What are the legal rights of minor as a partner?

What are the legal rights of minor as a partner?


Sec 30(1) of partnership Acts 1932 provides that a person who is a minor according to the law to which he is subject may not be a partner in a firm, but, with the consent of all the partners, for the time being, he may be admitted to the benefits of partnership. Under sub-section 30 (2), a minor has a right to such share of the property and of the profits of the firm as may be agreed upon, and he may have access to and inspect and copy any of the accounts of the firm.

Thus, a minor cannot be a full pledged partner of a firm, as he is incompetent to enter into a valid contract in the eyes of law. The position of law is that minors who are admitted as partners are not personally liable for the losses suffered by the firm. In the other words, the minor’s share of property and the profits of the firm are liable for the acts of the firm, but the minor is not personally liable for the acts of the firm. A minor partner domiciled in India, after completion of 18 years of age attains majority and he has to decide whether to stay with the partnership or not. If he has not completely severed the partnership relation with the firm after attaining majority, he will not be discharged from personal liability for all the debts of the firm to the third parties.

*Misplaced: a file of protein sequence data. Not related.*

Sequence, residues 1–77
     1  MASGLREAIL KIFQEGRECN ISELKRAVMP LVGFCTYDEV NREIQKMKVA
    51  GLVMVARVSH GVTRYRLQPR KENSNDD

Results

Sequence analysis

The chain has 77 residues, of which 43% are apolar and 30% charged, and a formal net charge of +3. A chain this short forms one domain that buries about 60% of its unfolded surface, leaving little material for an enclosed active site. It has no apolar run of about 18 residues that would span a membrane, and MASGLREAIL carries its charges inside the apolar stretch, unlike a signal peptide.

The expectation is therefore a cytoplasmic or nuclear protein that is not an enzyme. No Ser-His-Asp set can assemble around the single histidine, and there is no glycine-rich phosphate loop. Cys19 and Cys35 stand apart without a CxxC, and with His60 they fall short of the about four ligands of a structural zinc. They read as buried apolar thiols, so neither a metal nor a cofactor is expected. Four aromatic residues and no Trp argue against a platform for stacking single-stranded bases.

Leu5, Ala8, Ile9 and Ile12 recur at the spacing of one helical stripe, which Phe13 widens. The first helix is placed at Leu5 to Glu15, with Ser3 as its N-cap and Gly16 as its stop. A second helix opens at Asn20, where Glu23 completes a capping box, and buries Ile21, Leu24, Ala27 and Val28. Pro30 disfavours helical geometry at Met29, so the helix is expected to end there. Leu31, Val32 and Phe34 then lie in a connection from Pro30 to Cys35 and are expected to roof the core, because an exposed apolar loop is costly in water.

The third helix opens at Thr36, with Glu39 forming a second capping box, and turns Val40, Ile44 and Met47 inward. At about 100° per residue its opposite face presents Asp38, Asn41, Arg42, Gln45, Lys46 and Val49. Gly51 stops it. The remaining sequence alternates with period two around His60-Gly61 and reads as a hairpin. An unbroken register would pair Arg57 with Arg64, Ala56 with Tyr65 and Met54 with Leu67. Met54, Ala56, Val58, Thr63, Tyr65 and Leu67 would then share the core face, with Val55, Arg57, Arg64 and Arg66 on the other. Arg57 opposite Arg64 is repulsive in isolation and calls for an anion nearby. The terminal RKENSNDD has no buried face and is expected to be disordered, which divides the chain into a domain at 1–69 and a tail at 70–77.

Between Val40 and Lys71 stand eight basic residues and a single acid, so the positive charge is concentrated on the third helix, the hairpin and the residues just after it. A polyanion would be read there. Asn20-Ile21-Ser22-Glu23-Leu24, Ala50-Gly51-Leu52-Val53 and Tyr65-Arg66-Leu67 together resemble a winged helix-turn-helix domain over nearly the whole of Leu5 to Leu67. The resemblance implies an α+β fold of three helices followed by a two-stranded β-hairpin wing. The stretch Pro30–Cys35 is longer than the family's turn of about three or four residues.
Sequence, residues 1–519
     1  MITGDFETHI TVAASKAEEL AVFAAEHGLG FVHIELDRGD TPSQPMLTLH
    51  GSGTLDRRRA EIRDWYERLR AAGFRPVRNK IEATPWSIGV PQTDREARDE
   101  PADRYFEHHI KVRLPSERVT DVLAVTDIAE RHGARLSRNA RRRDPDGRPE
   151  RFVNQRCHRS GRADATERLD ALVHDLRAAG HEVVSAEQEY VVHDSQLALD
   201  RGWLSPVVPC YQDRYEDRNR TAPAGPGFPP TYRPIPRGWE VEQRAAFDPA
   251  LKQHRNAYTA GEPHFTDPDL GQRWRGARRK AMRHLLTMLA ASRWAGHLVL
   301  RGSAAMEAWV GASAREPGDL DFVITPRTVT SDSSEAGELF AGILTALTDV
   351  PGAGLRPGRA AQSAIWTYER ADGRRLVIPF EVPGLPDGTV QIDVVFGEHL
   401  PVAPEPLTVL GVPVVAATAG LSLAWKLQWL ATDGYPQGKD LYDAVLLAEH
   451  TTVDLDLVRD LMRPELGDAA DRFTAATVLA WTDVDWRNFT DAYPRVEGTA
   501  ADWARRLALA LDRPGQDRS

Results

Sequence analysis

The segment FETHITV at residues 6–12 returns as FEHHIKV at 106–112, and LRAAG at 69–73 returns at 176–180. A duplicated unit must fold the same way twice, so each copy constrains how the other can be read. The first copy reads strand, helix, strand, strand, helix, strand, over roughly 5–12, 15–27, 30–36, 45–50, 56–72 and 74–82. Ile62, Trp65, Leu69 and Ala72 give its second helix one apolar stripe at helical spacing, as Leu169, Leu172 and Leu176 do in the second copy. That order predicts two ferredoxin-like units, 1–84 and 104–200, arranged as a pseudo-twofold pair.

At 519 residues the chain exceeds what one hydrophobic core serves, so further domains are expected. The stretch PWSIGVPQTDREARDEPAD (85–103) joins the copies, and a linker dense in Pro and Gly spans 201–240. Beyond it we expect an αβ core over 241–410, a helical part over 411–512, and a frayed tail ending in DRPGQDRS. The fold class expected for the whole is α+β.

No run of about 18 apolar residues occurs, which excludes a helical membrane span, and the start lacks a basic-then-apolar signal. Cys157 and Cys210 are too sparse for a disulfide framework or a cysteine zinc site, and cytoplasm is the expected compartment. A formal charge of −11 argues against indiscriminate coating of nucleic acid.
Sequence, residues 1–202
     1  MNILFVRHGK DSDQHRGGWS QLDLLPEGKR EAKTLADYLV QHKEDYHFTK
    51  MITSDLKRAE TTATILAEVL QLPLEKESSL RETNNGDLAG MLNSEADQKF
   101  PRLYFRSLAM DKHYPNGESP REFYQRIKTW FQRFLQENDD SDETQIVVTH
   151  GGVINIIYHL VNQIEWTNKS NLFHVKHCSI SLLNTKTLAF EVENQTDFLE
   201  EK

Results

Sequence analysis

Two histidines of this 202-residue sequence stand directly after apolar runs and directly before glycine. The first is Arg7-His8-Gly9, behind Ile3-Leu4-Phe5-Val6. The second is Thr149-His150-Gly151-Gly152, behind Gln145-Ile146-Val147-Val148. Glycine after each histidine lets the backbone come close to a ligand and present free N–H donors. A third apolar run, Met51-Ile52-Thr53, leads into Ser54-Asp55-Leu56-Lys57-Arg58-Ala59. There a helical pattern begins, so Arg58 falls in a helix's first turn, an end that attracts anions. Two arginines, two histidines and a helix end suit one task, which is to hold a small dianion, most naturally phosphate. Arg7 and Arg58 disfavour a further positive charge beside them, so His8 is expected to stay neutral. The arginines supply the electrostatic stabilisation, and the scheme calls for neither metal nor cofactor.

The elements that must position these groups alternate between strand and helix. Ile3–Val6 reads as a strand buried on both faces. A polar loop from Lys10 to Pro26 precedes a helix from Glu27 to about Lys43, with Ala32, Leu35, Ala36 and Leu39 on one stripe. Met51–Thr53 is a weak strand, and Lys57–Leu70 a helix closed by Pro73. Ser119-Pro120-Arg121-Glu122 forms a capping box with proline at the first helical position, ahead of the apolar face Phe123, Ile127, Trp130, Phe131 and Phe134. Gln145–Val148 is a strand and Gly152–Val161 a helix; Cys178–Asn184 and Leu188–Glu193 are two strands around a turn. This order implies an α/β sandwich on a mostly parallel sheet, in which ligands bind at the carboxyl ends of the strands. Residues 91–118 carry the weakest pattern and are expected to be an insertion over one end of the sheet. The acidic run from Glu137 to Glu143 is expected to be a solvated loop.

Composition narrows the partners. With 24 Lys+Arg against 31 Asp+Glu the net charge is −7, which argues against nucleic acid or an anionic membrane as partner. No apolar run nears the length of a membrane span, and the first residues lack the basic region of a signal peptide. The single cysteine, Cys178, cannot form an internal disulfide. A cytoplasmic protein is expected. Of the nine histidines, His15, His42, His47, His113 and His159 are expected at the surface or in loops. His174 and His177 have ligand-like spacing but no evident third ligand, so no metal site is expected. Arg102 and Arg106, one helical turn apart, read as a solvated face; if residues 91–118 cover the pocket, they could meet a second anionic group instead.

A minor after attaining majority shall at any time within six months of his attaining majority or on his obtaining knowledge that he had been admitted to the benefits of partnership, whichever is later, may give a public notice that he has elected not to become a partner in the firm. He shall be deemed as full pledged partner of the firm if he fails to give such notice. The onus of proving that such person had no knowledge of that he had been admitted to the benefits of the partnership until a particular date after the expiry of six months of his attaining majority shall lie on the person asserting that fact.

Related articles

  1. Active, Sleeping partner & partners of different types
  2. Different Partnership models in business
  3. Legal aspects of partnership business
  4. Sharing of capital deficiency by the partners (Garner V/s. Murray rule)

 

No Comments

Leave a Reply

Your email address will not be published. Required fields are marked *


Comments

Latest Tweets

error: Content is protected !!